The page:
Diabetes is a condition when your blood becomes too sweet, that is too say, that your body is no longer able to maintain healthy blood sugar levels. Although there are many factors involved in the development of diabetes the simplest explanation is that insulin, a hormone produced by the pancreas, can no longer adequately keep blood sugar at healthy levels as a result of insulin resistance. The muscle and liver are the primary storage sights for sugar in the body. Insulin resistance, which can progress to diabetes, occurs when the channels the sugar uses to get into the cells become gummed up and requires increasing insulin to force sugar into the cells. Eventually, insulin can’t keep up despite the production of very high levels and blood sugars rise uncontrollably causing diabetes. The rising blood sugar is like shrapnel circulating in your blood damaging tissue as it passes through leading to a wide range of complications such as heart attack, stroke, blindness, kidney damage and nerve damage. Multiple mechanisms play role in insulin resistance leading to diabetes, including consumption of a highly processed standard American diet and sedentary lifestyle, along with increased exposure to toxic chemicals that contaminate our air, water, food, clothing, furniture, household products, and even our personal hygiene and beauty products.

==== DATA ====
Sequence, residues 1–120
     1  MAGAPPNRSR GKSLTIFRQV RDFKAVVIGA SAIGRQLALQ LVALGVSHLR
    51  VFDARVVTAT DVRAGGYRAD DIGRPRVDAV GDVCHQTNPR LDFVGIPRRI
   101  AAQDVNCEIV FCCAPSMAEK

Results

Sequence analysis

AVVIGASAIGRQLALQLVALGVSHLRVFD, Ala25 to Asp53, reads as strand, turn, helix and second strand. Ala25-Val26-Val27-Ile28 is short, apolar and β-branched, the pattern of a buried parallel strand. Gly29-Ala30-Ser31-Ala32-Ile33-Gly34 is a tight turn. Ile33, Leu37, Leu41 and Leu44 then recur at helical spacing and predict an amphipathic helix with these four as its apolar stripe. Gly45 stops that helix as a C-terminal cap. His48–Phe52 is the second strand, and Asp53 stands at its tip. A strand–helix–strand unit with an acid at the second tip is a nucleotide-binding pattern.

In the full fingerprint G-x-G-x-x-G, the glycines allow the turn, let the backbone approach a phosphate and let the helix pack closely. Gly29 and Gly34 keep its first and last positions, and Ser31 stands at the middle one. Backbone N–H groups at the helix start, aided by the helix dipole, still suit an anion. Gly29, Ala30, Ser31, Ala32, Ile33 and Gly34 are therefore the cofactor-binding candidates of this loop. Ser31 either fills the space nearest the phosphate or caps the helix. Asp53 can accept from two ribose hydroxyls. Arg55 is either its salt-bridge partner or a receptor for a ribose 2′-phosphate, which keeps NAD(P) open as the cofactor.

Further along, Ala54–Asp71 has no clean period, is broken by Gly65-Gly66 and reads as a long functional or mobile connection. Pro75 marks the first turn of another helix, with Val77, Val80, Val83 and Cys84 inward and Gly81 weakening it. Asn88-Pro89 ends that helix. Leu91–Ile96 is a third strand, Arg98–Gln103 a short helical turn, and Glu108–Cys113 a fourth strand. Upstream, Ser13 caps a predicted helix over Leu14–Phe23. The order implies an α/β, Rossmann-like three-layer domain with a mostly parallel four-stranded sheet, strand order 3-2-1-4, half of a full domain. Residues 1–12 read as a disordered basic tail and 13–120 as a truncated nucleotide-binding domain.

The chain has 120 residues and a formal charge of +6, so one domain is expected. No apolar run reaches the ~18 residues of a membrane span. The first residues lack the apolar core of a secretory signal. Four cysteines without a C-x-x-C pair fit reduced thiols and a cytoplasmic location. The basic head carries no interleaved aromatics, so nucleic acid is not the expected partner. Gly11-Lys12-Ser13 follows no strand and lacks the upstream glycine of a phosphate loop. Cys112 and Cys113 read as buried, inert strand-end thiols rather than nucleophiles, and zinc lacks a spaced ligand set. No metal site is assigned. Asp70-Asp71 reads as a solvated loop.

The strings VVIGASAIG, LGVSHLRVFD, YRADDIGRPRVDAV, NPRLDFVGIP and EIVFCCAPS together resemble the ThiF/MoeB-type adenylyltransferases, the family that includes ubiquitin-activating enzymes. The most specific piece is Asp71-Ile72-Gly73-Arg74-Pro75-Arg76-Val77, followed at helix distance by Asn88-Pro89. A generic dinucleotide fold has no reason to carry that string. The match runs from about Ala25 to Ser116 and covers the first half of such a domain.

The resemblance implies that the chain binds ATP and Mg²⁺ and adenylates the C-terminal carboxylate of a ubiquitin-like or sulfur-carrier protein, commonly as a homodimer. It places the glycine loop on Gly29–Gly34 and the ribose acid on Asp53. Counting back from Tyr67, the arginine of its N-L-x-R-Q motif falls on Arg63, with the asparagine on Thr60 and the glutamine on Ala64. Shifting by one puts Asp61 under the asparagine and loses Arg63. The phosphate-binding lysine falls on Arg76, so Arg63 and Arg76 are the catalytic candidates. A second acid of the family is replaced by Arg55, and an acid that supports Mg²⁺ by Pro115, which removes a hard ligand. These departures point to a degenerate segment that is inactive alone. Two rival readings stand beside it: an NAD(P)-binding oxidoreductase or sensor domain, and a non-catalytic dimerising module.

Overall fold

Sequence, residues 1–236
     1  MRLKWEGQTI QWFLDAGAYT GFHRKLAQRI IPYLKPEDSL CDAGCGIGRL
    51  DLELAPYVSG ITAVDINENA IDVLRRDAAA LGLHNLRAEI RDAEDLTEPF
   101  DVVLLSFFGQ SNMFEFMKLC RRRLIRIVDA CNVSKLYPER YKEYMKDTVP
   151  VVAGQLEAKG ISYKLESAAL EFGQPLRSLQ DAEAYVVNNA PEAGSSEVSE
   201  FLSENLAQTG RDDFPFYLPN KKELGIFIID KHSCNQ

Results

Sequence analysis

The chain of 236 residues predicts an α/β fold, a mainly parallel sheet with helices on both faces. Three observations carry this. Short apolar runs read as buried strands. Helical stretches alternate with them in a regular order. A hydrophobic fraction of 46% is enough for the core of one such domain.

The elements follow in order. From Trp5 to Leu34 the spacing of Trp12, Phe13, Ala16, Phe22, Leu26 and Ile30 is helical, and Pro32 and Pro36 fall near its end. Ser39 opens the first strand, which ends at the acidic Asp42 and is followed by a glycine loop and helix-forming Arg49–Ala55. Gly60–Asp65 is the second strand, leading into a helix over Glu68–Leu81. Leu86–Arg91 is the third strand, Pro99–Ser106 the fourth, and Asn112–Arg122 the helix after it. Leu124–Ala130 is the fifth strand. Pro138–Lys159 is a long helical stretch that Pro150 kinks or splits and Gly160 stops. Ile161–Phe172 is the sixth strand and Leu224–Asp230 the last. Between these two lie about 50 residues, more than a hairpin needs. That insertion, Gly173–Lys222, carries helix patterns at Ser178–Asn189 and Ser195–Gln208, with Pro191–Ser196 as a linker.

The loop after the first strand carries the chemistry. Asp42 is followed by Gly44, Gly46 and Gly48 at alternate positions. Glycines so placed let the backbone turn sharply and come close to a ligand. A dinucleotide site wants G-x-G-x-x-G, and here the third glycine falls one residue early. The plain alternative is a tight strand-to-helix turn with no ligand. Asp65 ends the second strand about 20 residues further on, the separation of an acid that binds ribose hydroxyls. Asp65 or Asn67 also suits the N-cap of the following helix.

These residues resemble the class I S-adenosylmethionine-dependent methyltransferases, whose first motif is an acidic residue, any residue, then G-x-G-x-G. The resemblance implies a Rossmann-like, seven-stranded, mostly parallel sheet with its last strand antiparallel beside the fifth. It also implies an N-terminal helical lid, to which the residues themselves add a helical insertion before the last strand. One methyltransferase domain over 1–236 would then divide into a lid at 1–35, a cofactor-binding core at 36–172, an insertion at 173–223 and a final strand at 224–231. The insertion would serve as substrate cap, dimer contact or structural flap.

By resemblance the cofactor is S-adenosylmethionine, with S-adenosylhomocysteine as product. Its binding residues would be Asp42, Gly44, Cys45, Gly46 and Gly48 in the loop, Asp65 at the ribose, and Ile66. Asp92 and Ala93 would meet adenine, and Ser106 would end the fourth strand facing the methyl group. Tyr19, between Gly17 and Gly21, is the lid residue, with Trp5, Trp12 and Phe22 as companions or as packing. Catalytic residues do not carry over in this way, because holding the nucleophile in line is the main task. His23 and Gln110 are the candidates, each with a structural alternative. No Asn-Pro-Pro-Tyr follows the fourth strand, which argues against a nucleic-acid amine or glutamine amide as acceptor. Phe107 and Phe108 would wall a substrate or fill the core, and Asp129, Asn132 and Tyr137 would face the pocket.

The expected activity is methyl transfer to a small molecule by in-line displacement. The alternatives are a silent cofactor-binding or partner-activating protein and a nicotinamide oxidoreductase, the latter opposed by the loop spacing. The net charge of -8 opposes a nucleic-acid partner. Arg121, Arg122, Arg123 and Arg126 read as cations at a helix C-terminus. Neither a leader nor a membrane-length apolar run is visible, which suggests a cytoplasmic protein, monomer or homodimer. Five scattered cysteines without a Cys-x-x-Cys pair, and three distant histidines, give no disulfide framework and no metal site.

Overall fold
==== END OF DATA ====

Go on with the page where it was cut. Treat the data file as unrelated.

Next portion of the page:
Don’t let the sweetness in your blood ruin your sweetness in life.

 

Seven steps to preventing (or reversing) prediabetes and diabetes

1.   Eat delicious whole plant-based foods filled with essential vitamins, minerals, and nutrients. Plant-based foods optimize cellular health while providing abundant fiber to help you remove unwanted waste products from your body while helping support healthy blood sugar levels.

2.   Move your body. The human body is hardwired for physical activity. Exercise plays a major role in the prevention and control of insulin resistance, prediabetes, gestational diabetes, type 2 diabetes, and diabetes-related health complications (4).